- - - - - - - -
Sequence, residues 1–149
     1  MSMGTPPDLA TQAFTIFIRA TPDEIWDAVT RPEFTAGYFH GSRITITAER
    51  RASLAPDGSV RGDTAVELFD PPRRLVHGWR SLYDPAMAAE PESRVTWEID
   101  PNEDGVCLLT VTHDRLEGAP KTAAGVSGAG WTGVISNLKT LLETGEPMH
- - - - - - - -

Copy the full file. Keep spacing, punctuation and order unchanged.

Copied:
Sequence, residues 1–149
     1  MSMGTPPDLA TQAFTIFIRA TPDEIWDAVT RPEFTAGYFH GSRITITAER
    51  RASLAPDGSV RGDTAVELFD PPRRLVHGWR SLYDPAMAAE PESRVTWEID
   101  PNEDGVCLLT VTHDRLEGAP KTAAGVSGAG WTGVISNLKT LLETGEPMH